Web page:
At the end of June YT attended a Safe Havens session at the Centre for Postdigital Cultures in Coventry, where invitees from across the spectrum of free research, social activist and cultural fringe, gathered to discuss experiences of collaboration and action.
There was much talk of where existing data is stored and who pays the Amazon bill, then how better meta data annotation practices and understanding of how resources can be distributed and protected for future access.
Our blockchain research group proposed a crypto ‘data sludge‘ that is pumped between network peers and reassembled on demand for those hosting a data torrent wallet.
The slip from operational independence to corporate homogeneity has to be reviewed, not least to ensure greater transparency on how essential environmental science data is afforded and resources orchestrated.
Workers at the Van Pelt Library, Pennsylvania reacted quickly to the spectre of Trumps administration, driving climate change-motivated take-down of Environmental Protection Agency’s data. Their attempts to create a safe haven for the data were rapidly overwhelmed by requests from scientific community, the extent of fragility and huge scale of the task. Works still goes on but with sights realigned toward improving on accessibility and signposting within data silos!
The Mazi group met over three days at the Brick Factory Museum building to pull together some of the vital information about our experiences operating regional pilot projects, public engagement and network development, into a handbook for toolkit users. Great effort is now being focused on how to co-ordinate the MAZI project resources, personal anecdotes and practical guidelines together in a series of booklets using Onmibook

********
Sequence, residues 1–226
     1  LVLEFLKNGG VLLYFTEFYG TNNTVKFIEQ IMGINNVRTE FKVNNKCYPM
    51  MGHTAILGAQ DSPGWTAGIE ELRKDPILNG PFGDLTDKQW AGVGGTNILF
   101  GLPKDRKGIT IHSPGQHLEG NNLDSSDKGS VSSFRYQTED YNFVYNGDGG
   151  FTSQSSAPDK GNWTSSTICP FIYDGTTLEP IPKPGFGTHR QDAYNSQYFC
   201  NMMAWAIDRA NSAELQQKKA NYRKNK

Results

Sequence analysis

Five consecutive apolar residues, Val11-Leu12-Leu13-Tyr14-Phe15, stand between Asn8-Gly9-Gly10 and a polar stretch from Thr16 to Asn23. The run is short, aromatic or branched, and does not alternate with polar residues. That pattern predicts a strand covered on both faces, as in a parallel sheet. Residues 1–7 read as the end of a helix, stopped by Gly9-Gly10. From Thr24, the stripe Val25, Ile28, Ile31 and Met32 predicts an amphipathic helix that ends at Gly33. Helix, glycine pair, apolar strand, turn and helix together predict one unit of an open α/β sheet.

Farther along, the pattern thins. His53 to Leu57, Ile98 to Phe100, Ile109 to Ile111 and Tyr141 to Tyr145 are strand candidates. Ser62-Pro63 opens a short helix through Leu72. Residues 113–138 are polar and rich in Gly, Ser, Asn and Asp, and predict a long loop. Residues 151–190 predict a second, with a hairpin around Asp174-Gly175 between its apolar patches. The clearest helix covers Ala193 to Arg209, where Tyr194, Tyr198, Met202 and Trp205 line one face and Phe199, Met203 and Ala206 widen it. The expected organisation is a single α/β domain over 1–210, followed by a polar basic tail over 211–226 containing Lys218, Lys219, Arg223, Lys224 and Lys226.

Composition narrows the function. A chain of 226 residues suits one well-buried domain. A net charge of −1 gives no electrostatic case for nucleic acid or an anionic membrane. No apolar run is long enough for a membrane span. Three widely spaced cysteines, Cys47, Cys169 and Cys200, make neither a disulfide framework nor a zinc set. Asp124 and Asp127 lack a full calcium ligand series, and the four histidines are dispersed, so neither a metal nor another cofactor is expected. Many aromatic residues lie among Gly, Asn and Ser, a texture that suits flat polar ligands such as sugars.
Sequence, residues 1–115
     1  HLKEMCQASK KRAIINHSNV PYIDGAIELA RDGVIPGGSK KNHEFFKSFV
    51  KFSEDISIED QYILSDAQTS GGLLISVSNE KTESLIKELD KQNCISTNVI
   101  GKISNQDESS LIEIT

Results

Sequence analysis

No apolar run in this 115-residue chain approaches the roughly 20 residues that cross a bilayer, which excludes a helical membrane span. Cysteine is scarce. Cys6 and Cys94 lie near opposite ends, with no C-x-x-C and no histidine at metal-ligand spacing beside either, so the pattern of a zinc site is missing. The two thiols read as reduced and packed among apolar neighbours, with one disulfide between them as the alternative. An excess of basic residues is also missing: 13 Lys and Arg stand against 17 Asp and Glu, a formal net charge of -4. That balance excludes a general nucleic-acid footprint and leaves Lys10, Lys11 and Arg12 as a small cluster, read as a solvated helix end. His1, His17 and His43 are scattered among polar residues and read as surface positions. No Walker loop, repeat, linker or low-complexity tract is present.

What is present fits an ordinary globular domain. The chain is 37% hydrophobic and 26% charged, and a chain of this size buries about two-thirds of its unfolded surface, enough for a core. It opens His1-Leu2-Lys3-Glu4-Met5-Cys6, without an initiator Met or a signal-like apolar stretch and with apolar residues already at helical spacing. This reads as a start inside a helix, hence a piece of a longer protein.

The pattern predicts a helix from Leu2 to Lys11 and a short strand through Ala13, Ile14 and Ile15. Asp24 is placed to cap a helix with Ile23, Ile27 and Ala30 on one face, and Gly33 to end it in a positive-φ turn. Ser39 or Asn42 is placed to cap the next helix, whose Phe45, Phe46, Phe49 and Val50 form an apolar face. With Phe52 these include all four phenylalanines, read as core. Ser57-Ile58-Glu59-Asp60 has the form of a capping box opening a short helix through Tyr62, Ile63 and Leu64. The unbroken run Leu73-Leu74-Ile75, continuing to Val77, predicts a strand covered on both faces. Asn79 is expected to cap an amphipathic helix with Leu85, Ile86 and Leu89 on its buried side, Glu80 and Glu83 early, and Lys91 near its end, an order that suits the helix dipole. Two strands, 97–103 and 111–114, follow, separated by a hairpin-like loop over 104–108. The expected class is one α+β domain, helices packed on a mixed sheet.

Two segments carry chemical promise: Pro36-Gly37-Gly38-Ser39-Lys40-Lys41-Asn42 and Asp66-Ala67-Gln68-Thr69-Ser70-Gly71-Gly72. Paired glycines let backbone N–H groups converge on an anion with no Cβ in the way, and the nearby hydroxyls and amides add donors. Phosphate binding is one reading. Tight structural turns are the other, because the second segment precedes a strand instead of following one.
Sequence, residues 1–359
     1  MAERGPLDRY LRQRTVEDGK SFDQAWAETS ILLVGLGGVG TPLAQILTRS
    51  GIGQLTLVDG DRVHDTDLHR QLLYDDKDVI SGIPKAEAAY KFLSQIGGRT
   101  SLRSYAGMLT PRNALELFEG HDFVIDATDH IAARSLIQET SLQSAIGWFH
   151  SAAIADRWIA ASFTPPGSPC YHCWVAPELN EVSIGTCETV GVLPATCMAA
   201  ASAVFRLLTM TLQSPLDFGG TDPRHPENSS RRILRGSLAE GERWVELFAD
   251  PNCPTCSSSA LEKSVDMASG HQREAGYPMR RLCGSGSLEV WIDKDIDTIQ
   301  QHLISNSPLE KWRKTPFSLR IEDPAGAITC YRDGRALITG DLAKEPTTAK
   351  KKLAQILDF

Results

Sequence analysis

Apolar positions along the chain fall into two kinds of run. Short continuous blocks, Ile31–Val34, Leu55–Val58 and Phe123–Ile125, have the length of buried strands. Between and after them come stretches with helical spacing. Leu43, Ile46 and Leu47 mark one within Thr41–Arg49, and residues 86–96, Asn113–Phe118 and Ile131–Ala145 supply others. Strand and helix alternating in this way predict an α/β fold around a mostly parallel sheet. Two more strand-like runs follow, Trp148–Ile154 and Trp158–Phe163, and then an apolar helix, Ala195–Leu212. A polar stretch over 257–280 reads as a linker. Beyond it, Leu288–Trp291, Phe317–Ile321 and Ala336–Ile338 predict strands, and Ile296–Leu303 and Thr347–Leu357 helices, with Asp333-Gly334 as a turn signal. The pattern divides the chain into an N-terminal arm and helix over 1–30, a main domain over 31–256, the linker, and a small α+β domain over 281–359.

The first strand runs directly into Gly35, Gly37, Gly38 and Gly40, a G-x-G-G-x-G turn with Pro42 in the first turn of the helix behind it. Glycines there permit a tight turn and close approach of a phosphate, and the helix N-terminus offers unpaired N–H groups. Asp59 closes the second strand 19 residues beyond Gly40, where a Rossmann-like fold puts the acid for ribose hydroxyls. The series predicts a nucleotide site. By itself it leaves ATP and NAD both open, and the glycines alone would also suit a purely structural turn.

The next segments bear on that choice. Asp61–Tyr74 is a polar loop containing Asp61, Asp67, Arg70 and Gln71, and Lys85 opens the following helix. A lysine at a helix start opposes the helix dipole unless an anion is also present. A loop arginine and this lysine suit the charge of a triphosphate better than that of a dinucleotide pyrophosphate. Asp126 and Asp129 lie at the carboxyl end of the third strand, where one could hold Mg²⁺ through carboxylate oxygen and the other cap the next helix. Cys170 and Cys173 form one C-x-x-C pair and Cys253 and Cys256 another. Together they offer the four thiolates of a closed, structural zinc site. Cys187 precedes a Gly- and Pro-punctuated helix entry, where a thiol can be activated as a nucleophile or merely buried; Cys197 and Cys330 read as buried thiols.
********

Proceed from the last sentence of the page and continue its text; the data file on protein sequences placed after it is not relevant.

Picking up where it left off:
This open source project began a decade ago as Booktype by Adam Hyde. Today the Source Fabric group included it in a suite of great collaborative tools. Adam was also key in establishment of the Floss Manuals publishing missing manuals for leading open source software projects.
The stand alone features of the MAZI toolkit hint at how communities can operate while offline, using local resources to co-ordinate and collaborate rather than reaching out to cloud based corporate solutions by default.
We heard great presentations from visiting researcher Chris Elsden currently exploring the implications of blockchain technologies in the context of international development for non-profit organisations, and from Jude Mukundane of GrassRoots Radio project about their excellent telecom based FM broadcast system.
Down at the Volos city beach we were pleased to discover these floating data mines, collecting information from a set of onboard sensors to measure temperature, humidity and motion, much as we have in prepared for installation along Deptford Creek as part of the Creeknet pilot.
Weekly Mazi meetups restart after the summer break in September with a focus on extending the senses to monitor environmental conditions and reporting on resulting data streams. If you live and work in the SE8 area please contact Make@spc.org to get more involved.